It should be stressed to the patient and family that care is not being withdrawn/withheld but that pain relief, comfort, hydration and general nursing care are to be continued. Likewise, no decision is binding but can be amended depending on the patient's progress, e.g. moving from withholding to withdrawal, or re-institution of full treatment. A 'negotiated settlement' is often a useful interim compromise for families unable to accept a withdrawal decision, whereby limitation of treatment is instituted and subsequently reviewed

Relatives can sometimes be very distraught and, occasionally, irrational on discussing withdrawal/withholding. For many, this will be their first experience of the dying process in a loved family member. A number of other factors including guilt, anger and within-family disagreements may also surface. It should be stressed that the withdraw/withhold decision should not be left to the family alone as this is an unfair burden for them to carry. Rather, it is their passive agreement with a medical recommendation that is being sought. The emphasis of the discussion is to inform them of the likely outcome and to seek their view of what the patient would want. They need to be dealt with both sensitively and honestly, and they should not feel pressured to give instant decisions.

Discussions should involve the patient's nurse and other involved carers as appropriate. It should be accurately documented in the case notes to ensure good communication between caregivers and act as source data should subsequent complaints surface.

Communication, p564


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Care of the potential organ donor

Patients with suspected brain stem death should be considered candidates for organ donation unless there is evidence of:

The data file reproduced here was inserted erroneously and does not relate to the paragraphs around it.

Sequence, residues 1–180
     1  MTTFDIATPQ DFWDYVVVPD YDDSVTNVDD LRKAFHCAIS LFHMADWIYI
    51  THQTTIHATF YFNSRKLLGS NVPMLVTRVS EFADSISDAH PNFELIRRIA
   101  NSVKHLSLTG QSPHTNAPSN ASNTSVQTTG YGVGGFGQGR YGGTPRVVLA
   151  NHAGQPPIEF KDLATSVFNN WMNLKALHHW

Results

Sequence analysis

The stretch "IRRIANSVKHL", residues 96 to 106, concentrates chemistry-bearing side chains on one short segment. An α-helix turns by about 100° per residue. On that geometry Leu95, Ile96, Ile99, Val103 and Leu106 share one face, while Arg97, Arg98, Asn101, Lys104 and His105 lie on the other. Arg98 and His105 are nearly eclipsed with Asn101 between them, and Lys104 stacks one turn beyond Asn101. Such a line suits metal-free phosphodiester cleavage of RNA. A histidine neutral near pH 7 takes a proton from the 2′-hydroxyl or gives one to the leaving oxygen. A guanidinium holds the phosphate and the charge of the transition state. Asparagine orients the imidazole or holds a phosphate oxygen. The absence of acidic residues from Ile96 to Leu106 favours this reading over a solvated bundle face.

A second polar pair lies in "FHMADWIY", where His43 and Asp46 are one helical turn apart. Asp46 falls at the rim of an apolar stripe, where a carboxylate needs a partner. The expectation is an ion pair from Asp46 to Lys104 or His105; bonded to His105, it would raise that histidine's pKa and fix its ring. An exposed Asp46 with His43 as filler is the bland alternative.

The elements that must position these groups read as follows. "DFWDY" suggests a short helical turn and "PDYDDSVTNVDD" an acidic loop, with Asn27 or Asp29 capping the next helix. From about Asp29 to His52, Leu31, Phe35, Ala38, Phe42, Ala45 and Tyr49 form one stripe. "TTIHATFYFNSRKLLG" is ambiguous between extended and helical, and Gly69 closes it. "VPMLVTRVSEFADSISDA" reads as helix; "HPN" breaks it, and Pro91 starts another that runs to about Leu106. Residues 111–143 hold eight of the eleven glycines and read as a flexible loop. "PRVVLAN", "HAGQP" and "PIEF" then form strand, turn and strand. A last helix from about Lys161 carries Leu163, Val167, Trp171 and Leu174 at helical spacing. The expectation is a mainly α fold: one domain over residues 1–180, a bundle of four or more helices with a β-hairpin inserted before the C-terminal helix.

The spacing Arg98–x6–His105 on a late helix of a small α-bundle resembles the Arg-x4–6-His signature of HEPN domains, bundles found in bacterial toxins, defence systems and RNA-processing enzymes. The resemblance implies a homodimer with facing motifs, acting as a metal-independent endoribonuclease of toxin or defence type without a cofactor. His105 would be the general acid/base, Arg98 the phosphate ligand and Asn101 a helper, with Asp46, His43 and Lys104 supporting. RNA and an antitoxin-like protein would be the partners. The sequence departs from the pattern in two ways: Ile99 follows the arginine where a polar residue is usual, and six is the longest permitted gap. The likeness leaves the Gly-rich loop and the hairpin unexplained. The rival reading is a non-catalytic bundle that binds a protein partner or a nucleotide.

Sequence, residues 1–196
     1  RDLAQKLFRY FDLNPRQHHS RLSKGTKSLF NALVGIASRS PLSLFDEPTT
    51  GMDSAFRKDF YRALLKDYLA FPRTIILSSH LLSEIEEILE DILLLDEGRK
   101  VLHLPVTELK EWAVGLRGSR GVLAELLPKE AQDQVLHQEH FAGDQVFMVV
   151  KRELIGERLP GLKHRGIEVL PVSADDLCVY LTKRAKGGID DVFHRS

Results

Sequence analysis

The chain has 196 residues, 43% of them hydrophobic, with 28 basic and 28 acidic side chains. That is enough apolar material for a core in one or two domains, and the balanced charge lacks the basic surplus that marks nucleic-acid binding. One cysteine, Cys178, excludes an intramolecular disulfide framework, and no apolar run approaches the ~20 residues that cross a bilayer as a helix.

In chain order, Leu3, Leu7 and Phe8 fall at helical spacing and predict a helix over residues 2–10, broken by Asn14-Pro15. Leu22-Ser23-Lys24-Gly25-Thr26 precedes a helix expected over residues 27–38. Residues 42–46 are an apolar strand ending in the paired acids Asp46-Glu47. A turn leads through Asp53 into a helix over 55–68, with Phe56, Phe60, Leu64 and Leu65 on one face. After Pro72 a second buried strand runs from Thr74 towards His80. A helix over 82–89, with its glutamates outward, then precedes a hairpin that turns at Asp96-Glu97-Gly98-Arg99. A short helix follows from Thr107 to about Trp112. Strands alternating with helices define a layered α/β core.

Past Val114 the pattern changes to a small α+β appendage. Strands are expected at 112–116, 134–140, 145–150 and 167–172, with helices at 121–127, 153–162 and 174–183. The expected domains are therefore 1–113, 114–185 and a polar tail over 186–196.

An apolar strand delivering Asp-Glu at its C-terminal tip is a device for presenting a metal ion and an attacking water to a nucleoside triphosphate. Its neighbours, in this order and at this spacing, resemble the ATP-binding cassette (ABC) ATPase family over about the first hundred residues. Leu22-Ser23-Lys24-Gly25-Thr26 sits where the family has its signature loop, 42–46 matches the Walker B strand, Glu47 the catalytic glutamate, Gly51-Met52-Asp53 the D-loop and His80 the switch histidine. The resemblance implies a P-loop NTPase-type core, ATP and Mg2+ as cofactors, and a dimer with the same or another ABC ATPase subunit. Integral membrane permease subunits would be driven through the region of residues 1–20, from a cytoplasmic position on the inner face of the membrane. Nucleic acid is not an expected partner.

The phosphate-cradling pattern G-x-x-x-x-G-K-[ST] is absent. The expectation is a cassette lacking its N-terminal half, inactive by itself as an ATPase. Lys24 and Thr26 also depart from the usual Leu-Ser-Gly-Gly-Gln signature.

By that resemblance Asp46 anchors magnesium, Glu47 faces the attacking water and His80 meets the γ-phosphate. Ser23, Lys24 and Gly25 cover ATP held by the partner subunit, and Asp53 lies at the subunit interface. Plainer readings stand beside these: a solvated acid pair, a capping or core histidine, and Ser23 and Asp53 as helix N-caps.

Cancer (except primary central nervous system)

• HIV or hepatitis surface antigen positive

• Uncontrolled sepsis

• Significant systemic disease

• Slow virus infection

The transplant co-ordinator should be contacted early (before the family are approached) to confirm likely suitability. If the family are amenable, the transplant co-ordinator will then initiate organ donation procedures. Do not reject those brain dead potential donors who, for example, have fully treated infections or acute renal failure without consultation with the transplant co-ordinator.


1. Confirm brain stem death with appropriate testing.

2. Laboratory tests for blood group, HIV and hepatitis status and electrolytes.

3. Confirm organ donation is permissible by the coroner (or equivalent).

4. Maintain optimal cardiorespiratory status with fluid ± inotropes, optimal ventilation and physiotherapy. Diabetes insipidus should be treated with DDAVP.

5. Contact surgical and anaesthetic teams.

Organ suitability

• Kidneys—Age 4-70, acceptable U&E and creatinine

• Lungs — Age 0-50, acceptable CXR and blood gases

• Liver—Age 0-55, no alcohol or drug abuse, acceptable LFTs

• Corneas—Age 0-100, no previous intraocular surgery

The transplant co-ordinator will advise on other organ and tissue suitability, e.g. pancreas, trachea, bowel, skin.

Blood gas analysis, p100; Urea and creatinine, p144; Electrolytes

, p146; Colloids, p180; Inotropes, p196; Vasopressors, p200; Fluid challenge, p274; Hypotension, p312

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£ Ovid: Oxford Handbook of Critical Care

Editors: Singer, Mervyn; Webb, Andrew R.

Title: Oxford Handbook of Critical Care, 2nd Edition

Copyright ©1997,2005 M. Singer and A. R. Webb, 1997, 2005. Published in the United States by Oxford University Press Inc